Supporting communities learn English in Barnsley

Supporting communities learn English in Barnsley

About the author: Brian Clarke

Brian Clarke runs the Unite Community Support Centre in Barnsley. The centre has been supporting learners from local migrant communities improve their English skills for a number of years.

Brian explains how they have done it.

The Unite Community Support Centre in Barnsley is located within the NUM offices and staffed by Unite members on a voluntary basis, opened in June 2013. 

In June 2015 after appropriate training and with the co-operation of the British Red Cross we began offering ESOL classes at Quaker House which is next door to the NUM offices. There are three volunteers facilitating these courses, Beenish Anwar, John Dunn and myself. The room we have is adequate for 12 learners and initially we were inundated with people eager to learn. We have two sessions, morning and afternoon. 

At first most of our learners were from Eritrea, then we had people from Iran, Sudan, Syria, Iraq, Congo, Afghanistan, Africa, Albania, and Pakistan. Currently our learners are from Pakistan, Iran and the Ivory Coast.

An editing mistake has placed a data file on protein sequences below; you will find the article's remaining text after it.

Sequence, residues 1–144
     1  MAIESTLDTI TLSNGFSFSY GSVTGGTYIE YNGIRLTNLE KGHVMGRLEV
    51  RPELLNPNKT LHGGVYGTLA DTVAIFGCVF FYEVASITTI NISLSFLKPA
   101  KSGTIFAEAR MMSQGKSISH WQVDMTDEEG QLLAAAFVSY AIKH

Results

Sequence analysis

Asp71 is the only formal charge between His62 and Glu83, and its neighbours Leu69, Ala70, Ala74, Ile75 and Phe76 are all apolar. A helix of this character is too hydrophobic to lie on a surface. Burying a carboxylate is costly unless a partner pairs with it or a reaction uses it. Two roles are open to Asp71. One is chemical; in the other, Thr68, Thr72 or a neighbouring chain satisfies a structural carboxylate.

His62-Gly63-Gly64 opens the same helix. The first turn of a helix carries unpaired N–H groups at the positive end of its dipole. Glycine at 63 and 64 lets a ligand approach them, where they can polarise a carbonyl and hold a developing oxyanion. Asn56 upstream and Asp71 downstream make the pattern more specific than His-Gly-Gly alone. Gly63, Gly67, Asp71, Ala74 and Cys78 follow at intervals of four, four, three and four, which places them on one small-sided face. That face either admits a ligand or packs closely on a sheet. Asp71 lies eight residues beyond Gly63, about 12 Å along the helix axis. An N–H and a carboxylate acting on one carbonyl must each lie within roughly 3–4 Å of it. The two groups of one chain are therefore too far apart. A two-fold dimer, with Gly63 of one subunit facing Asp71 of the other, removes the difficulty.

One of the drawbacks is that we don’t get the same people attending on a regular basis, for several reasons. For example G4S who organise the accommodation for these people often move people around, sending them to Wakefield, Huddersfield, Sheffield or sometimes on the outskirts of Barnsley making it too expensive for the people to come into town for our sessions and constantly looking for the cheapest accommodation for asylum seekers. 

When we started two and a half years ago we were the only organisation in Barnsley offering free ESOL lessons. Now there are at least six organisations offering some form of English lessons, some just offer conversation classes which are very popular. 

Currently a worker with the Refugee Council is in the process of getting all ESOL providers together at meetings in order to ensure that the classes do not clash and to enable us to share our experiences. 

Our ESOL classes have a spin off because we explain that we can offer online basic computer lessons in our Unite office which is next door to Quaker House. Here as well as giving IT lessons we help refugees to write their CV’s, explain the Job Seeker rules, etc. Currently most of the people we see are refugees and asylum seekers. 

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